Robert Siciliano personal and home security specialist to BestHomeSecurityCompanys.com discussing burglar proofing your home on Fox Boston. Disclosures.

How Glass Break Sensors work

Your home should have multiple layers of protection. You’ve certainly heard that before. Motion detection is a critical layer of protection, and this is comprised of the simple act of unauthorized movement sensed as the result of breaking and entry. Glass break is similar in concept. One detects movement the other detects sound. 3B

  • Motion: The sensor detects when someone is moving about inside the house.
  • Entry: The sensor detects when a door or window is opened.
  • Breaking into: The glass break sensor detects when a burglar smashes through a window with a crowbar.

Many people don’t know that the sensor for breaking into exists. This special kind of sensor detects the unique sound (in terms of frequency) of window glass being hit and then shattering. The sensor then sets off the alarm.

So in other words, the sensor doesn’t wait for the glass to shatter. The detection starts when the crowbar or baseball bat makes heavy contact with the glass. This initial detection can be thought of as phase one. And phase two, the actual breaking of the glass, occurs just milliseconds later, setting off the alarm.

In a house full of windows, one sensor per room may be sufficient, covering three or more windows and even glass doors. And fortunately, it’s not necessary to have your kid hit a baseball into a window to test out the sensor.

The device has a “test mode.” You should produce a clapping sound (preferably with your hands). At the bottom of the sensor, a small light will blink, in response to the sound of the clapping, which simulates the sound of a window being struck.

Now if you don’t see the light blinking, the sound wasn’t detected. Make sure the sensitivity setting is on “high” in the device, and also check your windows; are they blocked by heavy curtains or furniture? If your hand clapping is weak, do you have a few wooden boards to smack together?

After you make the necessary adjustments, create the clapping sound again. If the unit is correctly installed, the light should blink.

If your child thinks he could trip the alarm by banging cymbals or dropping a glass on the kitchen floor, tell him don’t even think about it. The break-into sensor system has already taken false alarms into account. So if a glass or china plate crashes to the floor, or the sound of windows breaking is coming from the TV, these noises will not trip the alarm.

Robert Siciliano personal and home security specialist to BestHomeSecurityCompanys.com discussing burglar proofing your home on Fox Boston. Disclosures.

15 Tips to Keep Your Home Safe During the Holiday Season

Most people don’t like that “fall back” time change every November, but you know who does? Burglars. Burglars love to “fall back” because it gives them more time to practice their criminal activities thanks to the earlier veil of darkness. This is also a convenient time for them as the holiday season is upon us and most people have a lot of newly purchased gifts in our homes. Perfect bait for burglars.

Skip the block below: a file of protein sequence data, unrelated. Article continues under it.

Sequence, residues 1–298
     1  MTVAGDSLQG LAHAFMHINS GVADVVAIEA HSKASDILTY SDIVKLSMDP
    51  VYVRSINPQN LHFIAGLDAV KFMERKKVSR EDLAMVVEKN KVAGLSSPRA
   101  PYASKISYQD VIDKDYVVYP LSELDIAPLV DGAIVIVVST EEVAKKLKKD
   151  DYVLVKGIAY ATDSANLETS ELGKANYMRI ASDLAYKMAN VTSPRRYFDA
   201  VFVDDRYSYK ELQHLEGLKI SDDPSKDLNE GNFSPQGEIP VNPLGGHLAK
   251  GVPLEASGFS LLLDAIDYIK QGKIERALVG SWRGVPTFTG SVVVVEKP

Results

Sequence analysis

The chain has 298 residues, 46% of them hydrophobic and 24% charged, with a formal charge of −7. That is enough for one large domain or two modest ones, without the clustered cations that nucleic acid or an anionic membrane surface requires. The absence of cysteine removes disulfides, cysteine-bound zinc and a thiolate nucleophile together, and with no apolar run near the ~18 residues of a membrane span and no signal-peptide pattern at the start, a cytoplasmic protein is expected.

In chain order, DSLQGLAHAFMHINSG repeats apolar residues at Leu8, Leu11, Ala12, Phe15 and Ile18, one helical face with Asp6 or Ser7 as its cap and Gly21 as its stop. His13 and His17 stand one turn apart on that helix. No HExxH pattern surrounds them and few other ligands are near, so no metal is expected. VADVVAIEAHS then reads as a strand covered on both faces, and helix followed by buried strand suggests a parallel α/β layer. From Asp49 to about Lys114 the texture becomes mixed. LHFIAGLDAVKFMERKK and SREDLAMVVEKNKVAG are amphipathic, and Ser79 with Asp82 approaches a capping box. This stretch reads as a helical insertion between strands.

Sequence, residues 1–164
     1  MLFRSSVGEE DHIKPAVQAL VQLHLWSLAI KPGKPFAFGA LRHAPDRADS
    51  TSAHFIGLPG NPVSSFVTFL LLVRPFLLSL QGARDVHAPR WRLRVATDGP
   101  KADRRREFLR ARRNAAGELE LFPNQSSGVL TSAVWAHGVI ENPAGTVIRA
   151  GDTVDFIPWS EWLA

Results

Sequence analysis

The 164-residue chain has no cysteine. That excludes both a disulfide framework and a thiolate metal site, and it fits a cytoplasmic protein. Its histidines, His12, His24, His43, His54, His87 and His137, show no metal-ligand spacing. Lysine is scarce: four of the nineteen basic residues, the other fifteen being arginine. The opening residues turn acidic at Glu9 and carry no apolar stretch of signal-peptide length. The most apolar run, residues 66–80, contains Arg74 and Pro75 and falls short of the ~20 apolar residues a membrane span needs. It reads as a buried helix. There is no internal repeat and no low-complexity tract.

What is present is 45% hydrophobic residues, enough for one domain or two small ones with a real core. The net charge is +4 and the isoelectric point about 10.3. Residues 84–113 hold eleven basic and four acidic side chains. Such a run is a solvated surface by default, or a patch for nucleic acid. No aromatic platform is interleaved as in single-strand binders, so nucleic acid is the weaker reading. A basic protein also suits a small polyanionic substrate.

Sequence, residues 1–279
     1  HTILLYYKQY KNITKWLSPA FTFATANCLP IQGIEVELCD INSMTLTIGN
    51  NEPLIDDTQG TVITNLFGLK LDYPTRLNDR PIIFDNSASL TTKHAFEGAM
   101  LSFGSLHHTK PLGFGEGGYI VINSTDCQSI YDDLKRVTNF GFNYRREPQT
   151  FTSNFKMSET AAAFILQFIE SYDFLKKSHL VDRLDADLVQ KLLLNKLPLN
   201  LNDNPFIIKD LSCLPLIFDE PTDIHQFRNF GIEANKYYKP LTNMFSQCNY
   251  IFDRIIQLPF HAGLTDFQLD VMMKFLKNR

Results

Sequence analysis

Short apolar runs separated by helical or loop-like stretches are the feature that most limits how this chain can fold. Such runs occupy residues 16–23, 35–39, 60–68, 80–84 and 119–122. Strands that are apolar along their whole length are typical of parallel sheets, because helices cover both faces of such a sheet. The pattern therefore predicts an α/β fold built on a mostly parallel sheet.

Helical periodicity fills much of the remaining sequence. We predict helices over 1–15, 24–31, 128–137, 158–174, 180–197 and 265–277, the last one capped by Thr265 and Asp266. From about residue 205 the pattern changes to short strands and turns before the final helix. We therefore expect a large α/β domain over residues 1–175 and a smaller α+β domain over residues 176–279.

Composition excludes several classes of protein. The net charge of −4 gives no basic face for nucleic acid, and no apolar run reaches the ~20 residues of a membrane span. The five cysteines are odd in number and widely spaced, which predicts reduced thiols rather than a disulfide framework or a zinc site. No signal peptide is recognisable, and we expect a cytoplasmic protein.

2BIn general, most homeowners will take precautions around Christmas time to prevent fires due to Christmas lights, yet they do not take extra security measures to prevent home robbery. Though fire prevention is certainly important, your home is far more likely to attract the eyes of a burglar than to go up in flames. So, here are 15 ways that you can keep the burglars away:

  1. Keep doors locked at all times. This is true even when you are home, and even when it’s light out.
  2. Keep your windows locked, even those on the second floor. Burglars DO have climbing skills.
  3. Use door reinforcements and top-flight locks.
  4. Keep the curtains and blinds closed. This will ensure that no one can take a peek at your valuables.
  5. Install security films on the windows. These help to prevent the penetration of objects such as a baseball bat or crow bar.
  6. Give your home a “lived-in” look with a home automation technology system. Many of these can be controlled by a model device or scheduled to turn lights on or off at a specific time.
  7. Collect your newspaper and mail as soon as they arrive.
  8. Place a large pair of men’s work boots near the door, and make sure they are scuffed up to make them look worn.
  9. Put a large dog bowl near the entryways of the home, but make sure it looks realistic. Do this by adding a chewed up toy or large leash to the scene.
  10. Make sure there is no shrubbery crowding entry points of the home.
  11. Go to Google news, and type in the phrase “door kicked in” along with your city and state. You will be shocked by the results. To protect yourself, consider a device such as Door Devil, which is a high-level door reinforcement device.
  12. If you have a garage, make sure you are packing and unpacking gifts from the car inside of the garage so no one can see what you purchased.
  13. Don’t advertise your Christmas gift purchases on social media, as many thieves use social media to find potential victims.
  14. Make an investment into a home security system. The best systems provide a clear view of what is happening in the home on your mobile device when you are not there.
  15. If you have a car parked out in the drive, place a pair of men’s gloves on the dash. Most burglars will think twice if they believe there is a large man living in the home.

Robert Siciliano is a home and personal security expert to DoorDevil.com discussing Anti-Kick door reinforcement on YouTube. Disclosures.